Next month will be crucial: many things will depend on the success or failure of the two actions taken by the government in the fight against the pandemic.
If (and only if), within the next three weeks, the tightening of the restrictive provisions on mobility and social relationships will be able to stop the growth of the positivity rates and, above all, of the number of hospitalized, it will be possible to start thinking about tactics again. more flexible and articulated for the post-Easter period that reduce the devastating economic and social impacts.
If (and only if) the new commissioner management succeeds in reaching (or at least approaching) the courageously declared target of the 20 million vaccines administered by the end of April, it will be possible to corroborate the forecast of 80% coverage by September and then start over to think about the concrete implementation of the “recovery” strategies being defined in the NRP.
From an economic point of view, Italy is on the brink of an abyss. Not only due to the reduction of about one-tenth of the income produced in 2020, which is likely to reproduce this year, but because strategic sectors such as tourism or the textile / clothing industry (and related commercial activities) have undergone reductions of turnover so catastrophic as to determine the risk of a massacre of companies (and therefore of collapse of production capacity) which would be fatal for the reactivation of development dynamics given the weight that these activities have in the national economy.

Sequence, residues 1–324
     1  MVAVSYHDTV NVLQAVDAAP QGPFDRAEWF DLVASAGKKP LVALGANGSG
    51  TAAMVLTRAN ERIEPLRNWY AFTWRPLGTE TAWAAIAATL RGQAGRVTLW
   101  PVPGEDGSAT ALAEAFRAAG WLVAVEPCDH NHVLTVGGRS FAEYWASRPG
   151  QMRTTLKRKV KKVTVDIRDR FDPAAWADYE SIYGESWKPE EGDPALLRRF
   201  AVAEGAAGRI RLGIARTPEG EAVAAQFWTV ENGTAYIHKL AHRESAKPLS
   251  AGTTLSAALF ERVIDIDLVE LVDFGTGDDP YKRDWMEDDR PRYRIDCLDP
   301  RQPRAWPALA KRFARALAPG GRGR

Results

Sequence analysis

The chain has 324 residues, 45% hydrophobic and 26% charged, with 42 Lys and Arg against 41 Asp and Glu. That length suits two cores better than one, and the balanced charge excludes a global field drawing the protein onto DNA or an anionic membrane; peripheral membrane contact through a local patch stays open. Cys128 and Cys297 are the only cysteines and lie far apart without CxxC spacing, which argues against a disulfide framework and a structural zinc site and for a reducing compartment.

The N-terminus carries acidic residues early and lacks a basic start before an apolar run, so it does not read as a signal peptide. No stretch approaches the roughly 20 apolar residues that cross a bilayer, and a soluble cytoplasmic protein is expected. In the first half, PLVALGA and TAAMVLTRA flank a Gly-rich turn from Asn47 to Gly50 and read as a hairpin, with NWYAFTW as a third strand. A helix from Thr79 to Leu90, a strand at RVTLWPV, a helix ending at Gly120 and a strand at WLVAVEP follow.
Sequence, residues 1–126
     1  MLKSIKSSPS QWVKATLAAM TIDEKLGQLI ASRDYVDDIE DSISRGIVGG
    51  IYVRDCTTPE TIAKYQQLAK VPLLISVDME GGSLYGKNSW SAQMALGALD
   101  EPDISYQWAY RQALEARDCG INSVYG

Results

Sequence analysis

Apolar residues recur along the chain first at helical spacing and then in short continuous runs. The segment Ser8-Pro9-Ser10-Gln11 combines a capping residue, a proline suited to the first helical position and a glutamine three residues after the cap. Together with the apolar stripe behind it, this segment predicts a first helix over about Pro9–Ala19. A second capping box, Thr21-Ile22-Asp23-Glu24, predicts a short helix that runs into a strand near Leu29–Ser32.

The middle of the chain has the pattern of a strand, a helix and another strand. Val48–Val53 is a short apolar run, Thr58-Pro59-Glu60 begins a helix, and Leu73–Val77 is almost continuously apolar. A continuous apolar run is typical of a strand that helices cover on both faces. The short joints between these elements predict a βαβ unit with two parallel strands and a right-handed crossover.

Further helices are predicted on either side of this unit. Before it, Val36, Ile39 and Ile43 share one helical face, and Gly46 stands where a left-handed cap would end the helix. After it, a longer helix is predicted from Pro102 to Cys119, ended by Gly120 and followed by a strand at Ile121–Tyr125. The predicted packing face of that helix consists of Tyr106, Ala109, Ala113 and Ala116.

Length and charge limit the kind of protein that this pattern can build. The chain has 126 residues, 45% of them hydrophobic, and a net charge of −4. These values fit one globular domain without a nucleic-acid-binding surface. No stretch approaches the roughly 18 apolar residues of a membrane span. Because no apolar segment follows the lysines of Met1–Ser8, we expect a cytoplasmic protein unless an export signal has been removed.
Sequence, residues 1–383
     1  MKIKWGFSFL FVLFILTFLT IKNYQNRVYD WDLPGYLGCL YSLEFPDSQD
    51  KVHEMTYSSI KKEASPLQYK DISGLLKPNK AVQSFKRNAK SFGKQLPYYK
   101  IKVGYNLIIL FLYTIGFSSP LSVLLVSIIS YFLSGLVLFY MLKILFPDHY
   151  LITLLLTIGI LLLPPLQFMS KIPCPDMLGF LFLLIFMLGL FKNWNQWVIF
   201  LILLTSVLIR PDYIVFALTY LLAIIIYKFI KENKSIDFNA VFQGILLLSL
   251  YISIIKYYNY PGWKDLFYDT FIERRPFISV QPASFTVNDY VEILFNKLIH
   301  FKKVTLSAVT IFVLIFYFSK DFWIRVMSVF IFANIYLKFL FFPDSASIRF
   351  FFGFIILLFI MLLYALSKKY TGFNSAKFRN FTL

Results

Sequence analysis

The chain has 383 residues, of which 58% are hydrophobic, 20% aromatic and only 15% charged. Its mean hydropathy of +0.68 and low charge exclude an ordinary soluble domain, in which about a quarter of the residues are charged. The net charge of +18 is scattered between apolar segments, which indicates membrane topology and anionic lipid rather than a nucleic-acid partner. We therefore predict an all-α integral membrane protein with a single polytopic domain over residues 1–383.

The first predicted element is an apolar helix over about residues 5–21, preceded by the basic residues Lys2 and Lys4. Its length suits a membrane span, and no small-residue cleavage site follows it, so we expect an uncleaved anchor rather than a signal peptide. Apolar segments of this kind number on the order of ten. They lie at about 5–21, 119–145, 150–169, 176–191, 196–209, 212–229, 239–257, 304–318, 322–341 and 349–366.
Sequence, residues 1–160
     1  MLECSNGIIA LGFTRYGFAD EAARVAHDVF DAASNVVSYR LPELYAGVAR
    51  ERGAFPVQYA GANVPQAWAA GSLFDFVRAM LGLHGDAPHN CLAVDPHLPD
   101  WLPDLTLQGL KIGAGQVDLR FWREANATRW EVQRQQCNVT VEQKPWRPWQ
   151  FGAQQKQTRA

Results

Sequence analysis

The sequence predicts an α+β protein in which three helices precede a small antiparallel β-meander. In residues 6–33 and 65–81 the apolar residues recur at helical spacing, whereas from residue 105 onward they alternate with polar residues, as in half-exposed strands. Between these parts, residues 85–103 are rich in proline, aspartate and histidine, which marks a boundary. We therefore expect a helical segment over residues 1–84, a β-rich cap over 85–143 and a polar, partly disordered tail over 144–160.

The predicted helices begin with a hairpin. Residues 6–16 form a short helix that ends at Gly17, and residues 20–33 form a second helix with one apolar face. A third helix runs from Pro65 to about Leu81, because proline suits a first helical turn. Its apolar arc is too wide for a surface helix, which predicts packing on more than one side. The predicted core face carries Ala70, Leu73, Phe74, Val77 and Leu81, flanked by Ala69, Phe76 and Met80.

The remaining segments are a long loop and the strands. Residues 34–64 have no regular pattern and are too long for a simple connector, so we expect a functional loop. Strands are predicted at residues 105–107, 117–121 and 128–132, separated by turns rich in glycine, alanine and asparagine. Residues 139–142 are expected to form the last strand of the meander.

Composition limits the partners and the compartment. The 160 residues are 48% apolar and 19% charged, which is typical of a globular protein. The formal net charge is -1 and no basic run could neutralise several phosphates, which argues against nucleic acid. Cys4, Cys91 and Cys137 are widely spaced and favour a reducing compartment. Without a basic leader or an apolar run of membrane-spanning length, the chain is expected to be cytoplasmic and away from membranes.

From a social point of view, the country is exhausted. It is evidently perceived in the psychosocial criticalities (for young people and for families) caused by the massive return to distance learning in the education system and in a less evident (but perhaps even more dramatic) way in the worsening of the conditions of fragile subjects ( elderly and non self-sufficient people) who are particularly affected by the restrictions of relationality.
All this in the presence of an explosion in the public deficit which, only thanks to the European anchorage, did not trigger the dramatic spiral of raising interest rates on debt.
On the other hand, if the double operation were to be successful, an enormous boost, even psychological, could be obtained when emerging from the crisis.
An at least partially positive outcome also appears decisive for the maintenance of the delicate political balances that support a government that appears, in many ways, the last trench against the possible return of populisms that could re-emerge even more extreme from a new crisis of confidence in ' public opinion.
Our wisdom, as Dumas wrote, lies in two words: “wait and hope” (and in the meantime keep our nerve).